Wash and drain the rhubarb, removing leaves and trimming the ends. Cut thicker stalks in half down the middle then chop into 1cm sized pieces. Place in a pan with the water, bring to the boil and simmer gently for 10 – 15 minutes until cooked through. Pour into a suspended jelly bag and leave overnight to drip through, catching the juice in a jug.
Prepare the canning bath and sterilised bottles. Place the rhubarb juice, angelica syrup and remaining sugar in a pan and heat gently, stirring all the time until the sugar is dissolved. Bring to the boil then remove from the heat, pour into your hot bottles, leaving the required headroom for your bottle type (mine shown in the picture looks like it has a bit too much headroom! I’ll do better next time) seal and process for 10 minutes. Leave till cold and label. For more info about how to hot water process, refer to the guide here.
After candying the small quantity of angelica stems I had and using some of the leaves to make my rhubarb and angelica cordial, I still had some leaves left over. Hating the thought of wasting them I decided to make a second cordial. As the intention was to ‘can’ the cordial and I was worried whether it would be acidic enough to safely do this way, it seemed like a good idea to make it following a similar method you might use when making elderflower cordial. For this you include some lemon juice as well as a small amount of citric acid to help its keeping qualities. I have a stock of citric acid, bought a while back at my local chemist. I know some people find it difficult to get hold of but it can be found at home brew shops and on ebay as well if your pharmacy is unable to supply.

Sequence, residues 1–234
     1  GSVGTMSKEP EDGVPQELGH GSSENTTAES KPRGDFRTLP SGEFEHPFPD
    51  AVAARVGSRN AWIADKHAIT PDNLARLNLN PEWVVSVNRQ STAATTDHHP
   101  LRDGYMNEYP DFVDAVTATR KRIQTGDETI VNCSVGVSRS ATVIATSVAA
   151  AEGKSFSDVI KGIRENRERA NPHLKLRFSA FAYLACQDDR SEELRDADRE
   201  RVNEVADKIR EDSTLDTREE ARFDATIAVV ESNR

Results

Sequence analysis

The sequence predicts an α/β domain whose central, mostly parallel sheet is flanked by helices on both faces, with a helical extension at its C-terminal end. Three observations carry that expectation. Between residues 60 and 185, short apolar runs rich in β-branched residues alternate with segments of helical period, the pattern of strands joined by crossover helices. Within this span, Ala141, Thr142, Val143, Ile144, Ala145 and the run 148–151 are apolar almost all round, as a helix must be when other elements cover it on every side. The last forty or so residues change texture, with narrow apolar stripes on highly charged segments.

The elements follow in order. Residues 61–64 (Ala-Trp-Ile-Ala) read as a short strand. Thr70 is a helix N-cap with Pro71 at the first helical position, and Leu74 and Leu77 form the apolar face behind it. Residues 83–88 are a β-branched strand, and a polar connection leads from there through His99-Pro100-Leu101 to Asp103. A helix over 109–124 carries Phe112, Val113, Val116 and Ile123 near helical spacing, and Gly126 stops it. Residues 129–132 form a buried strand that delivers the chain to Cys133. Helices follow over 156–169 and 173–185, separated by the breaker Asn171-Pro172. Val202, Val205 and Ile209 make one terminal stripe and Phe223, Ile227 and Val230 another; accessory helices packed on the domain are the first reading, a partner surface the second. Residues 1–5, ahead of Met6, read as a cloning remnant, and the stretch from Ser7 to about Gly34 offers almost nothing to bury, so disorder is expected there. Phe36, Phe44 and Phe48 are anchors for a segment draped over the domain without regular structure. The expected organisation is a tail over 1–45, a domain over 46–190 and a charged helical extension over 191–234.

I wasn’t at first sure whether the lemon and citric acid rather overpowered the more subtle angelica flavour but I’ve just drunk a glass diluted down with sparkling mineral water and the flavour came through in a lovely distinctive way which sets it apart from the elderflower version.
Makes approx 1.7 litres (3 pints)
1.2 litres (2 pts) water
900g (1 lb) caster sugar
200g (8 oz) angelica leaves, chopped
3 tsp citric acid
juice and zest of 2 lemons
Make a sugar syrup with the sugar and water by heating them together in a pan, stirring until all the sugar is dissolved and bringing to the boil. Remove from heat and add the citric acid. Put the angelica, lemon juice and zest in a bowl and pour the syrup over them. Cover the bowl and leave for 24 hours to macerate and infuse.
Strain through muslin and collect the liquid in a pan. If you are planning to can the cordial so it can be stored, prepare the canning bath and sterilise the bottles. Bring the cordial just to the boil then remove from the heat, pour into your hot bottles, leaving the required headroom for your bottle type, seal and process for 10 minutes. Remove from water bath and leave till cold then label. For more info about how to hot water process, refer to the guide here. This cordial will keep for several weeks unprocessed in the fridge but will store for up to a year unopened after processing.